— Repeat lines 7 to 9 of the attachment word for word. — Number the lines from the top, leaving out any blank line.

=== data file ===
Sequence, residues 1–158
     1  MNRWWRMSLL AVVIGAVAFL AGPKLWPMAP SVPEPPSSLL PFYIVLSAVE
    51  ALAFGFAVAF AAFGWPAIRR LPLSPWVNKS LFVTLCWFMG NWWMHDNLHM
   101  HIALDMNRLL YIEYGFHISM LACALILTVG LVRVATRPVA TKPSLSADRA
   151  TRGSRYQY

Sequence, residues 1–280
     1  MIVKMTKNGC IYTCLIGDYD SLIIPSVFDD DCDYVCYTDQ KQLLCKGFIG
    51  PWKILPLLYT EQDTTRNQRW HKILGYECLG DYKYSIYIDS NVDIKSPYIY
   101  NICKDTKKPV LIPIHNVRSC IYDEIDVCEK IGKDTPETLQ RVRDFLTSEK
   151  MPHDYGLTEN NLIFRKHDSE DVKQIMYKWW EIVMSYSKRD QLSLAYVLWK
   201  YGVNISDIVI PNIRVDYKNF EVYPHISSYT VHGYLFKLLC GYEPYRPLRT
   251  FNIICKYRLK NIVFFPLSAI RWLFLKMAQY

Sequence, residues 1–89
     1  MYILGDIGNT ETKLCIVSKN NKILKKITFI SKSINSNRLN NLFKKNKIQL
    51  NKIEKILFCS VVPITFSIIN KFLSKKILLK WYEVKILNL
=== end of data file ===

     1  MIVKMTKNGC IYTCLIGDYD SLIIPSVFDD DCDYVCYTDQ KQLLCKGFIG
    51  PWKILPLLYT EQDTTRNQRW HKILGYECLG DYKYSIYIDS NVDIKSPYIY
   101  NICKDTKKPV LIPIHNVRSC IYDEIDVCEK IGKDTPETLQ RVRDFLTSEK